I know I mentioned a little but haven’t really told the story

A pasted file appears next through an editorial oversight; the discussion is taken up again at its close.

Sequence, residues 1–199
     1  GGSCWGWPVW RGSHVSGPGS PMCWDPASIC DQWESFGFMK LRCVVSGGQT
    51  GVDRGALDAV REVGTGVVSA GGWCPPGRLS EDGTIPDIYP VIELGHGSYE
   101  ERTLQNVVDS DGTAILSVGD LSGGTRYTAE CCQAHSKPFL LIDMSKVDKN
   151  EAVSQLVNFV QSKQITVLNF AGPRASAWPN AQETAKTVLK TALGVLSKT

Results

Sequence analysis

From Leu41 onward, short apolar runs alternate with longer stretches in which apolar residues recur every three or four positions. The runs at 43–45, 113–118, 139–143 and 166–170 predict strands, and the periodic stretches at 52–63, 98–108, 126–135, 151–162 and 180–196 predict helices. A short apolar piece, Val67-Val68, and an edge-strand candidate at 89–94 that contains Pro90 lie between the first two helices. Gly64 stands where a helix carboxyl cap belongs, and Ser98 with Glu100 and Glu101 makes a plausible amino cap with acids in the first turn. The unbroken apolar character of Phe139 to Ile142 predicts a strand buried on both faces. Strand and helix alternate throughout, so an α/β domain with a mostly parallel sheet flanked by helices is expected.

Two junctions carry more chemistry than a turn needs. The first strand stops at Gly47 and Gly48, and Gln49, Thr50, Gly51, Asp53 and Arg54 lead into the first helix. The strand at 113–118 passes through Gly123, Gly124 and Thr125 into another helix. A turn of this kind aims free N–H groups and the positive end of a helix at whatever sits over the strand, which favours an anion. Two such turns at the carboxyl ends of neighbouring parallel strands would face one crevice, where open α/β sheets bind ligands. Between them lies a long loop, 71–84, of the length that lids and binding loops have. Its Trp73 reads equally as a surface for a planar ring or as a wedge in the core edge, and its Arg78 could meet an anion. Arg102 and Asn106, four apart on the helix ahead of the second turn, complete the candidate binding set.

Mom and Dad had come home on a Tuesday, possibly turning their phones off or not charging them properly and they died, not really sure what. But the next day (Wednesday) about noon they got a call that she had spiked a high fever (107? yea, I know, really high) gone into cardiac arrest the night before and they’d tried to call, that she had been taken back to the cardiac unit – as opposed to the cardiac floor – ; that they had done CPR on her and gotten her back (obviously) and had been put back on a ventilator. Now all of this happened the day that seemingly the surgeon who had placed her gtube and done her Nissen had happened to catch her that morning when he came by vomiting, as she had been doing for quite some time, a couple of weeks maybe, and everybody had been just dismissing it, even though we had been told she wasn’t supposed to be able to do that with having had that done. And that’s exactly what he said and that he was going to have her checked out. It turned out that it had slipped – as so many of them do – and it’s a much bigger deal to go back and have them redone than it is to do it the first time. So….but it was done the first time because she was aspirating. So she had built up fluid in her lungs and was having to be suctioned, which was causing her oxygen levels to drop, a vicious circle we were in now. And also in addition to the cardiac arrest they said she also had an actual heart attack on what was the good side of her heart, so it was now damaged. But they were also saying her what had been the bad side of her heart was actually still worse than what they’d said at her cath by her numbers, that clinically she was still actually pretty bad, that a cath is done under optimal conditions, so those numbers are skewed. But that’s what they used to not send her back to where she had the surgery done on that side, that they had been saying needed to be redone or at least looked at. They also said a cath isn’t really the best thing to see that anyway, that more and better can be seen on an ECHOcardiogram and it was showing what they were saying, now that they were doing them, which they weren’t before but that now she was too sick to go there, anyway. That we had to do deal with this fluid build-up. All this after we, of course, headed down there after getting the phone call. But they weren’t getting the fluid off. She just continued to get more and more swollen. They did start giving her breathing treatments before they would suction her, which did help the oxygen levels from dropping as much when they would do so. But she was swollen so much I asked about putting in drainage tubes to drain it off. They said that would require surgery and she wouldn’t be able to handle it. But was she going to be able to handle not having it anyway, so why not give her a chance or give her a chance to go ahead and try to go back? They said they didn’t have an air transport that could do it. Well, maybe they don’t but does that mean there isn’t one. All they had to go was give the okay to allow us to try but they weren’t prepared to do that at that point. The director of the unit works 10 days on/off shift. He actually lives in St. Louis, so he goes there on his 10 days off so not like he can just run over and check things out. He is the one who gave us all the original information, however; it’s just that he was getting ready to leave right after that, so was gone before they realized they weren’t getting the fluid off. So then by the time he got back she was a lot worse, which that’s a whole other situation then, such that he said she for sure couldn’t handle the trip back to where she’d been. But then by that point for sure if she didn’t do that or they didn’t do something, like even the surgery for the drainage tubes, it possibly wasn’t going to matter anyway, although nobody wanted to quite think that yet. Although he did want to have a meeting that Friday to discuss her situation. This would have been slightly over two weeks from when all this happened. It did seem as if he didn’t want son/her dad there which was okay with him; he felt she could handle the situation and ultimately it was her call anyway. He would go along with whatever she wanted to do as much as he might want to do something differently; she was the mom and would have the most responsibility. So the rest of us went. He then told us he had talked to the other place and they had finally agreed to take her, which had been another issue, even though they’d mostly talked about her not being able to go, but that was with this doc being gone because the only way she could go at all was basically with him going; nobody else felt comfortable and certainly not his main assistant when he’s gone because she was expecting herself, which was another whole issue, because she seemed to be just too emotional to really be able to handle her situation. But he still said he didn’t really feel comfortable himself with the wherewithal that he would have, that he really needed more equipment than he would have. I still think there was a way to have gotten it but not sure in the way that he was capable of and I didn’t know how or really actually if at the time but beyond that he still didn’t really want to put her through it; he still felt as if it wouldn’t actually end up helping and would only make things worse. But then he didn’t want her to go in the first place so that wouldn’t have stopped me. And it didn’t stop her then but that was then and this was now and this is hardly half the story; they’d been through so much that she was so tired besides her being tired but did she not want to go? Anyway he talked her out of it even though she’d said before we went she was going to fight for her to go and even after what he said. I think possibly what really did it is the actual cardiologist, who was in the meeting as well. He was the one fighting for us to go the last time and he didn’t talk the same at this meeting. The transplant surgeon was also in the meeting, who was also in the last one and not in favor of us going then and seemed as if he’d influenced the cardiologist this time. So she agreed to turn off her life support and that’s all I’m going to say right now. Maybe more later.